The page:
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20120916
20120916
Search Results 0 to 7 of about 8 (some duplicates have been removed)
take. the images of the american embassy burning in benghazi might have conjured up memories of tehran in 1979,but the analogy is false. in libya, the government is not fomenting anti-americanism. it's lamb meanting it. the violence there appears to have been the work of small extremist elements that lack much popular support. but the storm has spread from libya. across the middle east there have been protests rallying against the united states and the west in general. even in these places, however, keep in mind that these crowds number in the hundreds, perhaps thousands. in countries with tens of millions of people. they make for vivid images be u they don't tell the whole story. what can we say about these places and protests? first in many of these countries, particularly those that have toppled dictatorships, the most important reality is not of bad government but of weak government. in libya, yemen, and even egypt, the state has lost its ability to control its public. in a sense, this might be progress. egypt didn't see protests like this before because mubarak's regime would arre
that's erupting. starting with kcairo. benghazi and now, beyond. you wrote an op-ed "the new york times" about all of this saying the republicans are in disarray, they're divided about national security and foreign policy. so, did mr. romney's handling, his comments following the unrest in egypt further kind of underscore a real girth of understanding if not confusion? >> yeah, it's a little bit of both and i think if you see mitt romney hours after our top diplomat and three other americans were murdered in libya, he was trying to use this as a political case and then the reaction to romney within his own party. many republicans shaking their heads and criticizing and saying this is not the moment. some even noting that when reagan and george h.w. bush ran for president in 1980 and we had servicemen killed trying to rescue hostages in iran, reagan didn't politicize that moment, neither did bush, so it seems that the republican party has lost its way. there are so many splits inside of the party about spending and how do we predict power in the world that many republicans really don't k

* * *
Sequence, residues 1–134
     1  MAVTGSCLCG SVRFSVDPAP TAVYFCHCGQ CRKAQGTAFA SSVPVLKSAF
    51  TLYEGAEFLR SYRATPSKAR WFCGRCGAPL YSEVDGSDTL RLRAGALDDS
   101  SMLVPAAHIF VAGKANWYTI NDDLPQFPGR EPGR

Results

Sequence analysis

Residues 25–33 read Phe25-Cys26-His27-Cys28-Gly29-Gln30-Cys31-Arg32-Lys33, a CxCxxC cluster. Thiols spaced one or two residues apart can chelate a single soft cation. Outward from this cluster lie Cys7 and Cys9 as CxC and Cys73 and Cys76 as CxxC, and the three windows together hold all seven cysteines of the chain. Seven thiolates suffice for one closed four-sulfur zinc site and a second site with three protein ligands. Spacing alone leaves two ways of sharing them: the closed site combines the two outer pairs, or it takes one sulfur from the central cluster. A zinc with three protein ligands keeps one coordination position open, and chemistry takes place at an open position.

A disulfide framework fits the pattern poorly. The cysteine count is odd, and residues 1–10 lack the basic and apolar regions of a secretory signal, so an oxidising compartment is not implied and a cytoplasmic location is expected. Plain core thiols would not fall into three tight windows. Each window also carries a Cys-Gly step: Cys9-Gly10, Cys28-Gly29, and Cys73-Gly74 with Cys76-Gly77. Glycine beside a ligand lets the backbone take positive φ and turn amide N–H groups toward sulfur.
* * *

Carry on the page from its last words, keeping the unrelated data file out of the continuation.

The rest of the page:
the streets of benghazi myself, and despite what we saw in that horrific incident where some mob was hijacked ultimately by a handful of extremists, the united states is extremely popular in libya and the outpouring of sympathy and support for ambassador stevens and his colleagues from the government and from people as evidence of that, the fact is, candy, that this is a turbulent time. it's a time of dramatic change. it's a change that the united states has backed because we understand that when democracy takes root, when human rights and people's freedom of expression can be manifested, it may lead to turbulence in the short-term, but over the long-term, that is in the interest of the united states. the mobs we've seen on the outside of these embassies are small minority. they're the ones who have largely lost in these emerging democratic processes, and just as the people of these countries are not going to allow their lives to be hijacked by a dictator, they're not going to allow an extremist mob to hijack their future and their freedom, and we're going to continue to stand with the vast m
, militants attacked the u.s. consul in benghazi and killed the ambassador and three american men close to him. >>> want to talk to general wesley clarke, general, thank you for joining us. can u.s. forces help keep these consulates and embassies safer? >> certainly they can. first of all, forces around the consulates can provide direct defense. they can also provide deterrents and simply the word that we're putting additional forces in there has to be heard by people. the forces offshore can provide reinforcements, provide additional intelligence and a lot going on behind the scenes, you can be sure of that. our intelligence agencies, our pounding the beat, looking for the source of the attacks, during the after action review as to what happened and why. looking to find ways to prevent and get early warning of future attacks there, is a lot going on that we're not seeing. >> general, some of these countries like yemen and sudan say they don't want u.s. troops sent there. hodo military leaders handle that? can the pentagon send troops to nonhostile places where they aren't wanted? >> well, i t
Search Results 0 to 7 of about 8 (some duplicates have been removed)

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